Your comment "they can use my kids" is another problem with not having a randomized sample.   Sure, you are probably super willing to include your unvaccinated children that don't have autism or other medical conditions.  But the opposite would be true as well.  Parents who have unvaccinated children with autism (but who might still be against vaccines thinking that their children's autism would have been *worse* had they been vaccinated etc) are probably not going to be as willing to include their children in the study.  They know it makes the other "side's" position stronger.  

 

I mean imagine if there was a study on whether or not vaccines caused asthma and the sample of vaccinated children were carefully chosen and not random.  Would you accept those results? 

 

These are just some of the MANY issues with the kind of study being proposed.  

 

You're welcome!

 

However, my point is the CDC speaks weasel words, with their pathetic attempt and getting out of doing this kind of study. There are plenty of unvaxed children to do a retrospective, historical study, the kind they do all the time.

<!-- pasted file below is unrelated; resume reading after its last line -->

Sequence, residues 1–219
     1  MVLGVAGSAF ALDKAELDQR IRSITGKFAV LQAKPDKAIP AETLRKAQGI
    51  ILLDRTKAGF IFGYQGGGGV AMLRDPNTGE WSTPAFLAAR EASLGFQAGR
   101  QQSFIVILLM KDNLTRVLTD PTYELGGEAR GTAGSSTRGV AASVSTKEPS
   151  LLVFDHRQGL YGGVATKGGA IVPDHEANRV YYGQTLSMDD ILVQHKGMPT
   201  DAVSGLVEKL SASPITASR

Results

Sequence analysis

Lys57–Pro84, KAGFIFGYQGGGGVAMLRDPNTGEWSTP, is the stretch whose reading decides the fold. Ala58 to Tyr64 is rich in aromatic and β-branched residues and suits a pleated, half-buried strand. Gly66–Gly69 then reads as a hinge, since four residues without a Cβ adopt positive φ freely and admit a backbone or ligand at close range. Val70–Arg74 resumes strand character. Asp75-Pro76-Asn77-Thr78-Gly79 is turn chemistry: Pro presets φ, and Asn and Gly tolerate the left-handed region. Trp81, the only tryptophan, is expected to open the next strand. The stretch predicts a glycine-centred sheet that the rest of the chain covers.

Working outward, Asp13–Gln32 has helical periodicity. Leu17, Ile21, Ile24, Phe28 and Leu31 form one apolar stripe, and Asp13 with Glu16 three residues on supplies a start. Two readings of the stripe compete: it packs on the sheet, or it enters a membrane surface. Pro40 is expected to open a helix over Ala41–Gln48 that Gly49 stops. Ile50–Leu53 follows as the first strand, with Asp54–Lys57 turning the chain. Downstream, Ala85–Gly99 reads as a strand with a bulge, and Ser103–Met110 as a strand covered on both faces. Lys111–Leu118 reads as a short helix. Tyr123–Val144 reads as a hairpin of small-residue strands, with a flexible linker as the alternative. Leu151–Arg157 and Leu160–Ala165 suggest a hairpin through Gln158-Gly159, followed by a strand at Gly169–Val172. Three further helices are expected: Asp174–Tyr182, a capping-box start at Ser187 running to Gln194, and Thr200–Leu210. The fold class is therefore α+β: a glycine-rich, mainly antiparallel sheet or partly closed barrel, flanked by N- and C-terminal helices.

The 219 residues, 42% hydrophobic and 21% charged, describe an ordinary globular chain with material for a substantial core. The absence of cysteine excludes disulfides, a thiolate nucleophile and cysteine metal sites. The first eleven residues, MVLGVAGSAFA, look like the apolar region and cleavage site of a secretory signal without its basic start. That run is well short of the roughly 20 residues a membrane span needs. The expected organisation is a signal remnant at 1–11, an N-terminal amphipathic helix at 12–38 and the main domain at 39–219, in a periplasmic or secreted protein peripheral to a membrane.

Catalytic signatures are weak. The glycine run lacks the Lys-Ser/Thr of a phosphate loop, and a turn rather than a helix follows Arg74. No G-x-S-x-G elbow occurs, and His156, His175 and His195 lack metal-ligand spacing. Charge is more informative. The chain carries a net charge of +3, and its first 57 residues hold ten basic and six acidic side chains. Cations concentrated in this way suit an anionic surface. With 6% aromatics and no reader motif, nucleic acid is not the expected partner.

post #44 of 77

Quote:

Originally Posted by Taximom5 View Post



Have you had your MMR booster yet?

 

you didn't respond to Taximom5's question

Quote:

Originally Posted by teacozy View Post"As an adult, do I need the MMR vaccine?

You do not need the MMR vaccine if you

  • had blood tests that show you are immune to measles, mumps, and rubella
  • are someone born before 1957
  • already had two doses of MMR or one dose of MMR plus a second dose of measles vaccine
  • already had one dose of MMR and are not at high risk of measles exposure"   http://www.cdc.gov/vaccines/vpd-vac/measles/faqs-dis-vac-risks.htm

well, did you have your booster? and are you up to date with everything else? did you get a meningitis vaccine too?

 

 

Quote:
Originally Posted by teacozy View Post
 

 

 

 

If you read the link in my OP, there *aren't* enough unvaccinated children to do this study.  They make up less than .3 percent of children in the US.

 

 

yet you go crazy over that .3% that is making your herd go awry :laughand the effectiveness of most vaccines is not even close to 90%, many -85% if you are lucky